L. Neil Smith's
Number 220, April 21, 2003


[Letters to the editor are welcome on any and all subjects. To ensure their acceptance, please try to keep them under 500 words. Sign your letter in the text body with your name and e-mail address as you wish them to appear.]

Letter from James J Odle

Letter from Caleb Paul

Letter from Todd Andrew Barnett

Letter from Ann Morgan

Letter from William Stone, III

Letter from David Maharaj

Letter from Spencer J. Hahn


Here in Phoenix, we have a talk radio Libertarian firebrand who loves to make life hell for government bureaucrats. He finds it to be great sport. If I'm not mistaken, El Neil has used him as a character in one of his books — although I don't remember just which one off hand.

Anyway he has begun to make his shows available over the internet at the following website: www.ernesthancock.com/archive/

If you'll scroll the list, you'll see many names familiar to readers of TLE:

  • L. Neil Smith
  • Vin Suprinowz
  • Claire Bloom
  • Kent Van Ceave
  • John Ross
  • and others ...

People will need Microsoft's Windows Media.

Make sure you toss a few bucks into the kitty.


James J Odle [jjo1@cox.net]


In his reply to me, Mr Compono was correct in all he said about politicians not paying attention to polls. It seems I was off the mark there.

Of course though, just as polling can be subject to manipulation, so can the people through media influence and so on. Some would argue that the whole election process itself is one big manipulation. This is nowhere more obvious than the fact that politicians from minor parties are excluded from certain televised debates.

Assuming the election process is actually fair for a moment (a big ask I know), the problem, of course, is how does a politician know what his constituents want him to vote for? I am sure in his election campaign, he can't make provision for every possible contingency. Because of the nature of the system, people tend to vote on a handful of key issues each election (education, health, tax), and get lumped with stances on the "minor" issues with which they may not agree. Finally, what if his constituency changes stance? What should be done in any of these cases? Have a referendum? If we don't, don't we just end up with a bunch of guys who say a whole lot every few years and then do what they like for the rest of the time because they're not accountable?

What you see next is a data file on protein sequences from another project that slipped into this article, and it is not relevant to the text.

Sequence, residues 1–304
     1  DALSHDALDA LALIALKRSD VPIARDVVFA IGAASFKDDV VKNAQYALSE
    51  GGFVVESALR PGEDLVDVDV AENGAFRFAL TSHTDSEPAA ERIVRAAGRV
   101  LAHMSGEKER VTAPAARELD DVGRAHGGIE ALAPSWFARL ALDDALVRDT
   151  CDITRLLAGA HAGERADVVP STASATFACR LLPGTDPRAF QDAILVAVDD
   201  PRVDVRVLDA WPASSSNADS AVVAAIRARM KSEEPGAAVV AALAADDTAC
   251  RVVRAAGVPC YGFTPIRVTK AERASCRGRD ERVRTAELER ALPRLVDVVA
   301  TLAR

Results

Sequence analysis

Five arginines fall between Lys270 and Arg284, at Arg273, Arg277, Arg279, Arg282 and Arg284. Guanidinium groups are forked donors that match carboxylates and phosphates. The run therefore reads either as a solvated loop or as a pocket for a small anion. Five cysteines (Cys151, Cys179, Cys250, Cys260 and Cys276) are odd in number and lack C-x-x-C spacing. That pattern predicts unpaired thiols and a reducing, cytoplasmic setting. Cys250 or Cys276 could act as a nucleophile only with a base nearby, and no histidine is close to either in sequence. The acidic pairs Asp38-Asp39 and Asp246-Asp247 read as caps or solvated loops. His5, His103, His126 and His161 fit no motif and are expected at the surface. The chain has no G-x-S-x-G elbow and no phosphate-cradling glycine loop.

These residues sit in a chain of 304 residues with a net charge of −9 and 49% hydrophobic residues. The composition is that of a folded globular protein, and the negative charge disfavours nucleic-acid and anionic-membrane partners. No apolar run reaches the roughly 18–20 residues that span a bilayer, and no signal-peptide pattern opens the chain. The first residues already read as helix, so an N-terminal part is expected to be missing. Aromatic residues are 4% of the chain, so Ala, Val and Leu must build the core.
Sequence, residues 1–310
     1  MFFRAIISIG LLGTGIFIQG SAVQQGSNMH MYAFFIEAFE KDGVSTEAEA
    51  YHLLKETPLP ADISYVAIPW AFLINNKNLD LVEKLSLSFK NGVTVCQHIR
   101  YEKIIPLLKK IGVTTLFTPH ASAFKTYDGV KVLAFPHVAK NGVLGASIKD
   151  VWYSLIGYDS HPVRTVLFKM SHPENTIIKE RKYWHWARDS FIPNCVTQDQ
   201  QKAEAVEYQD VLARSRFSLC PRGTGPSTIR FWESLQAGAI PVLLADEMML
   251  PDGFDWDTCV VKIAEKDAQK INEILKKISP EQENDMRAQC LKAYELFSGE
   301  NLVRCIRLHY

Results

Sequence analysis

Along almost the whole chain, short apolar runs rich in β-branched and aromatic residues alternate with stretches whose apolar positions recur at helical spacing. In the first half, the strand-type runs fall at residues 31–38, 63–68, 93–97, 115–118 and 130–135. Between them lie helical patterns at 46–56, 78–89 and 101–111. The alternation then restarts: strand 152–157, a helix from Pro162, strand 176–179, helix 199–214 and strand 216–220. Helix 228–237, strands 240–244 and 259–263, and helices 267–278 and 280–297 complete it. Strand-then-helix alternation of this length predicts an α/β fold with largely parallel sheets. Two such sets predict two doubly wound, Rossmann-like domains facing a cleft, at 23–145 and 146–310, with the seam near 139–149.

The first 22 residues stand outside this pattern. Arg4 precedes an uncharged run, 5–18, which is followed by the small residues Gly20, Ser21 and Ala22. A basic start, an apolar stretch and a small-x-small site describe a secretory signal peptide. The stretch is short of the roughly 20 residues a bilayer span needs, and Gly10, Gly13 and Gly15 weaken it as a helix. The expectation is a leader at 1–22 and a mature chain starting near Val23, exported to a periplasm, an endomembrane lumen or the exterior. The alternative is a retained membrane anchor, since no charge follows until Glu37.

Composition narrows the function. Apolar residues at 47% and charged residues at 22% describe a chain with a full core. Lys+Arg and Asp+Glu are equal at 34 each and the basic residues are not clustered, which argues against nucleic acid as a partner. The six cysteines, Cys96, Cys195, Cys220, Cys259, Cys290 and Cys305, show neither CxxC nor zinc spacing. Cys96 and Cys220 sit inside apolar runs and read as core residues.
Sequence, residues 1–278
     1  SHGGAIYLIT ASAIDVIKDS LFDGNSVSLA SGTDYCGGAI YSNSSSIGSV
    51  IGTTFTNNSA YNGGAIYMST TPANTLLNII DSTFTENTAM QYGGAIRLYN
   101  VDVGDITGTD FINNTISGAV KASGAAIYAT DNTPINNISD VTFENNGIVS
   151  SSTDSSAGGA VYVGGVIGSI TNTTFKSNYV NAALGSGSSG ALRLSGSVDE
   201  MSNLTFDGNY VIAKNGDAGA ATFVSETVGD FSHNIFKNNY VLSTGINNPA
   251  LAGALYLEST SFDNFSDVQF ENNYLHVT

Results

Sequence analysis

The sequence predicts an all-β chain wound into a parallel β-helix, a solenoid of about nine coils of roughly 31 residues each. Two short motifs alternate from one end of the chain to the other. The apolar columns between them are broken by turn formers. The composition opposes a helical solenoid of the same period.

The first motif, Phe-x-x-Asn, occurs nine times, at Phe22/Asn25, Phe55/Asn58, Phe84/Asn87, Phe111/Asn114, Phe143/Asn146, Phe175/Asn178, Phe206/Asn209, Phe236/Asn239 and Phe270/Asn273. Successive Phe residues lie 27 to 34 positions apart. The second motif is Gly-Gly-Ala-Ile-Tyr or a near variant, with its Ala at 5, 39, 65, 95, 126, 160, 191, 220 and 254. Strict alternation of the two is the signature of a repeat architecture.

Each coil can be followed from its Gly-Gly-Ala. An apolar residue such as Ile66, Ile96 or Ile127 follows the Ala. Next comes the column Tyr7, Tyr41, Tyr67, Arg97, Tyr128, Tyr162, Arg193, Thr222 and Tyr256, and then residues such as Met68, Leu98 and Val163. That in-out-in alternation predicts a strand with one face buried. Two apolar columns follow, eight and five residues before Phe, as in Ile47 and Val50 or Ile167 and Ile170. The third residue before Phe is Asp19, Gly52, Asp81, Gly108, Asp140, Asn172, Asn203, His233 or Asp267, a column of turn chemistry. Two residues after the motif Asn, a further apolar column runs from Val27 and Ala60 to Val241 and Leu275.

Yet it seems the only solution is for direct democracy to replace representative democracy, which would be the tyranny of the masses.

I don't think there's any good way of solving things in a democracy, and either way, we end up with a tyranny of the masses or a tyranny of the few. That's why I don't like democracy in any of its forms.

In Liberty,

Caleb Paul [shorbe@rocketmail.com]


Like Caleb Paul, I too have enjoyed this debate on education with him, especially when we both can concede that we don't necessarily concur with one another on every single point that we both make with regards to this issue. When I saw his letter (Re: Paul v Barnett (Round 4)), I realized that I had to respond to his missive and that I felt compelled to comment on his points, whether or not they were correct. Regardless of the differences of opinion Mr. Paul and I have, we can still universally agree that federal entanglement with and interference in education is a recipe for failure and a formula for a morally bankrupt and perverse concept of education freedom.

All the same, I do feel that, while Mr. Paul continuously makes some valid arguments, I still find myself disagreeing with him on a few of his points. As I have done before in my previous letters, I will point out which points he's right on and which points he's off the mark.

Let's begin with the first one. In the beginning of his missive, he asserts the following:

"In a way, he is right that I am oversimplistic in my assessment of the dumbing down of education and that I ignored certain other factors, but I think one has to be careful not to read too much into these. It is true that the catchcry of learning disabilities and doping of kids is a solution used to suppress those who would rebel, but these can have as much to do with influences outside the school (such as factors in the home) as anything else (or at least one needs to do a fairly thorough study of it all). Also, I believe that ultimately, they're part of the greater problem, and not necessarily distinct from it, nor are they the cause of it per se."